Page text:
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I hardly ever seem to get to the cinema, and where I live in the Middle East, the various TV channels tend to carry wall-to-wall football (currently the Asian Cup is being hosted here, complete with vast outdoor screens, fanzones and celebrations every night in Downtown Msheireb) so it’s only when I travel that I catch up with the latest films. On a recent flight the screen seemed to be filled with endless Christmas movies. Scrolling past Home Alone and The Grinch I happened upon The Barbie Movie – and thought I’d quietly find out why people liked it so much.

It quickly had me. And in particular the theme of Barbie longing to be normal, to be ordinary – rang so very true.

In her book A Mind of Their Own – first published long before the Barbie movie – Katharine Hill writes so wisely about this theme. I remember doing a double take when editing her chapter ‘It’s ok to be ordinary’, thinking, ‘Really? Is it ok to say this kind of thing?’ Which shows how much I’d been influenced myself by the self-esteem movement. When I found out that ‘Ordinary Barbie’ had become a major trend on TikTok, I made a mental note to trust my author’s insight more.

Here’s a wee snippet from that chapter:

Jack’s football team had had a streak of wins and, to their delight, found themselves in the end of season league final. The match was talked up for weeks and in corners of the playground tactics were discussed in hushed tones. On the big day, Jack’s mum joined the other parents on the sidelines to cheer the team on. It was a tough match, but they held their own, and for most of the second half they were winning 3-2. Then with one minute to go, the opposition scored. With the score still a tie after extra time, the players now faced a penalty shoot-out – a tough enough gig for grown men in the Premier League let alone a team of impressionable eight-year-olds. As Jack stepped up to take the final penalty, he felt the weight of the world on his shoulders. It was all down to him. The goal looked enormous – how could he miss? His mother’s heart was in her mouth as she saw her son step forward and kick the ball with confidence, then watched it sail over the goal and into the field beyond.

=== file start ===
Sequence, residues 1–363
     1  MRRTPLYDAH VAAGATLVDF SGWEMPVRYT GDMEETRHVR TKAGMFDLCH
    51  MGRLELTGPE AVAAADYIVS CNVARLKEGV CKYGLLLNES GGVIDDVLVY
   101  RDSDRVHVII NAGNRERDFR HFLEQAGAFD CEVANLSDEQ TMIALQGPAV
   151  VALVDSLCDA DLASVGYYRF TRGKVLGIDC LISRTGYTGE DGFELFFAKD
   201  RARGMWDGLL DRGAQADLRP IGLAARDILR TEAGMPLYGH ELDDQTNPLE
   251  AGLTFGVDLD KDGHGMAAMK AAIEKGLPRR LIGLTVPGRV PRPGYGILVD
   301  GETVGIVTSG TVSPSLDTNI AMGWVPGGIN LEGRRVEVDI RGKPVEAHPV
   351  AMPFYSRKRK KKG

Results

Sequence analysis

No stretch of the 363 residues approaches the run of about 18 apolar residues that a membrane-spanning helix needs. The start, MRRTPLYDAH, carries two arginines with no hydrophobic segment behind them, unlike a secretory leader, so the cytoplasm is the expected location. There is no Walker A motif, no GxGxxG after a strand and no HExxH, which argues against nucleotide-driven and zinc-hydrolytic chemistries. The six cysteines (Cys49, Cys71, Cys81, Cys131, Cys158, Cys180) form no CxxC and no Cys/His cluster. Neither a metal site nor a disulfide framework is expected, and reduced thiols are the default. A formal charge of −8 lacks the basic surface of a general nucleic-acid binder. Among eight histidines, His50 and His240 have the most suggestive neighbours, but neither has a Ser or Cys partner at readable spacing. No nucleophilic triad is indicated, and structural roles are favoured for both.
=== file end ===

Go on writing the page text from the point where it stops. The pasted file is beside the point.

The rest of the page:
On the way home, Jack was inconsolable and everything in her wanted to stop him hurting. Phrases like ‘You played brilliantly’, ‘That was such a great game’, and ‘Your team were the best’ were on the tip of her tongue. But Jack’s mum was wise. She knew that when we overpraise our children they see through it – it doesn’t ring true. So she tried another tactic. ‘Jack, I know it was disappointing to lose, but I loved the fact you were brave enough to take that final penalty. I was proud of you.’

I love this story, and the wise discussion about the self-esteem movement that follows, and how we don’t help our children by over-praising them.

“The life-sapping pressures on our children to prove themselves to be special and extraordinary is something that we, as parents, can work hard to lift from their shoulders.’

Katharine gives some great practical ideas as action points: things like giving specific praise – instead of ‘you’re great!’ ‘You were so careful building that tower of bricks’ – going big on birthdays and affirming each child’s efforts and good qualities.


Above all it’s important to help our children have a realistic view of themselves, and this means encouraging them to celebrate their strengths and to know and manage their weaknesses.

There is so much that is practical and helpful in this book, I just wish I’d read it when my own children were young.

A Mind of Their Own: Building your child’s emotional wellbeing in a fast-changing world by Katharine Hill – out now.

About the author

Stephanie Heald is a seasoned editor and publisher and currently Director of Kilfinan Press. She has served on a number of charitable boards including the NGO Tearfund. She enjoys cycling, walking and sea kayaking, and divides her time between Doha, Qatar and the Isle of Mull.